(From the July 25, 2011, issue of Rubber & Plastics News)
NEW YORK—After a slew of expansions that added space, clean rooms and manufacturing capabilities, MedPlast Inc. in the short term will now look to shore up its infrastructure while keeping an eye on potential acquisitions.
MedPlast Inc. executive Mike Farrell said business is good at the 3-year-old, nearly $100 million Tempe, Ariz.-based company.
“We're ahead of where we thought we'd be,” he said at the Medical Design & Manufacturing East show, held recently in New York. “We are back to looking for acquisitions. We are looking for areas where we can expand in support of our customers, either domestically or offshore. We have a target for making an acquisition in the next 12 months.”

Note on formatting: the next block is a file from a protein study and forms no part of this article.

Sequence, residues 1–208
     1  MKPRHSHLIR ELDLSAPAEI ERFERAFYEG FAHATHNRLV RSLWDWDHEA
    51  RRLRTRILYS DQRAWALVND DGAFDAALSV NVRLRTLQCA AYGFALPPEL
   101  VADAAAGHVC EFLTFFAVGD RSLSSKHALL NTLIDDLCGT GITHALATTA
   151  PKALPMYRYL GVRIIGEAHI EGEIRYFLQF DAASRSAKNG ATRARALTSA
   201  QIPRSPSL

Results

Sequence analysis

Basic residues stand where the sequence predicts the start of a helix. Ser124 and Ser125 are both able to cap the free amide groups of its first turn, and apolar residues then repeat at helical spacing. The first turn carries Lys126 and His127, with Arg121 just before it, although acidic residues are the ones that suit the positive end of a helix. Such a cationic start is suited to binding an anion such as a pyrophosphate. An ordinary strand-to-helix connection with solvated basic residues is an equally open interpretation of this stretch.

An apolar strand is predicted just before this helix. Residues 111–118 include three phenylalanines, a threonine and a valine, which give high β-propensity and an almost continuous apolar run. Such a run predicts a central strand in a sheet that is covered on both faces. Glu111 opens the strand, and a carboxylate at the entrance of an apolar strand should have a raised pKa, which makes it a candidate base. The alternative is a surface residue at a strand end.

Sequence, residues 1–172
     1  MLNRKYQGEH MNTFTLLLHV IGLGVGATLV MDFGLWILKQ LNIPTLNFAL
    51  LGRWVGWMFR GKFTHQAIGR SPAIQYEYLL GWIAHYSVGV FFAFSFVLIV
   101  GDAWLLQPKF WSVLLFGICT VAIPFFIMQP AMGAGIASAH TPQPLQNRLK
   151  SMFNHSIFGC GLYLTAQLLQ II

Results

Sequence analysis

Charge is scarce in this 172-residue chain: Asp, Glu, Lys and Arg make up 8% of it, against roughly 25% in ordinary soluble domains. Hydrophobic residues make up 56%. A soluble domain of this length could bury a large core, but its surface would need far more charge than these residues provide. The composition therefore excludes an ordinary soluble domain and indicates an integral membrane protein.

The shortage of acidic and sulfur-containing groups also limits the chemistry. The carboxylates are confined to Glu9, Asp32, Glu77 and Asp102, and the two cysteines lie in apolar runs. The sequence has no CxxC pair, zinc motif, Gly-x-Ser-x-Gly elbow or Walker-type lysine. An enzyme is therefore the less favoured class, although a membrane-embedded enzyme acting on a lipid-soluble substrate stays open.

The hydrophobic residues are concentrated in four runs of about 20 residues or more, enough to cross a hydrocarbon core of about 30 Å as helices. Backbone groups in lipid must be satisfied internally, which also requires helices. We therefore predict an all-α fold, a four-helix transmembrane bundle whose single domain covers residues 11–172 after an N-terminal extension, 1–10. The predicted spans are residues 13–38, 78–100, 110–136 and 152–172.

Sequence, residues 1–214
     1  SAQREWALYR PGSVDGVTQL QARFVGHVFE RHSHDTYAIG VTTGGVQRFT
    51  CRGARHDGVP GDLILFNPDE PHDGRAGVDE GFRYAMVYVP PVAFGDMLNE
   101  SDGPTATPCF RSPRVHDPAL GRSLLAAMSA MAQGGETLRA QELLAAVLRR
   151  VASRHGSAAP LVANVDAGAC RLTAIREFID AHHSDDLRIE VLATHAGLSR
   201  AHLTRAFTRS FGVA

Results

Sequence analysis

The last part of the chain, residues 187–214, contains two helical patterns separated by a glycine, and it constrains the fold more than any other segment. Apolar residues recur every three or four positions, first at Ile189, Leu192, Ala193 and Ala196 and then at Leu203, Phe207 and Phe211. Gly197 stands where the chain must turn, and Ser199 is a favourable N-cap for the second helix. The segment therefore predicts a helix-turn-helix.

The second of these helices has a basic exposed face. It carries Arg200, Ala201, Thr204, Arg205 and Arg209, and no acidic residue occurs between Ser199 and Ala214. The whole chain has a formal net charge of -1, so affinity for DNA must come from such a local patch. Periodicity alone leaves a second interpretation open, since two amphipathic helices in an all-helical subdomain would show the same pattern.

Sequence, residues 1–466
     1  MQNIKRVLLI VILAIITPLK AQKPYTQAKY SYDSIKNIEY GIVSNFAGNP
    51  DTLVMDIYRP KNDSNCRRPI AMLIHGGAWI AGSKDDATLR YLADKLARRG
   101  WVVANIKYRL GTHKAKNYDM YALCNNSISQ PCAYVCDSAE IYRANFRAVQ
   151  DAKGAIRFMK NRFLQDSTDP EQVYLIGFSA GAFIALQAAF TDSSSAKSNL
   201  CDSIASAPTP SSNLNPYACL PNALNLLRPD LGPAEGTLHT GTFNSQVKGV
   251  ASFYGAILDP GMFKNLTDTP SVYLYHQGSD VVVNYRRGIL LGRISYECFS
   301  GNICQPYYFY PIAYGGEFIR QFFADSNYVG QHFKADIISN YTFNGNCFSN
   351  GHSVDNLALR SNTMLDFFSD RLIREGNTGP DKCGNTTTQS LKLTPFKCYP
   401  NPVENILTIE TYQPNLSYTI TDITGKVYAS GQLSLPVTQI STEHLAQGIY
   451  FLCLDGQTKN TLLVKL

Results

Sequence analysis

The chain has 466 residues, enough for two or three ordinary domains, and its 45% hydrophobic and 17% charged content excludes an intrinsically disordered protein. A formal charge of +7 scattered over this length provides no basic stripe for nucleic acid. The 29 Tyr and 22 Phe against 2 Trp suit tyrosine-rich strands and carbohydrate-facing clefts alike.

Currently, all five of the company's plants are in the U.S.
Farrell said MedPlast—created in 2008 through a number of acquisitions by longtime industry veteran and MedPlast CEO Harold Faig—will look for businesses that are complementary. Faig was president and CEO of medical manufacturer Tech Group Inc. for two years after retiring as president and chief operating officer of Milacron Inc. in 2003.
“We want something that brings in new technology, something that is additive to our skill sets, or something that is in a geography that would support our existing customer base,” Farrell said. “We are growing substantially in the medical surgery business. We are also targeting the dental side of the business, and silicone extrusion /fabrication for markets such as balloon catheters and drainage devices. The pipe¼line is as strong as it's ever been.”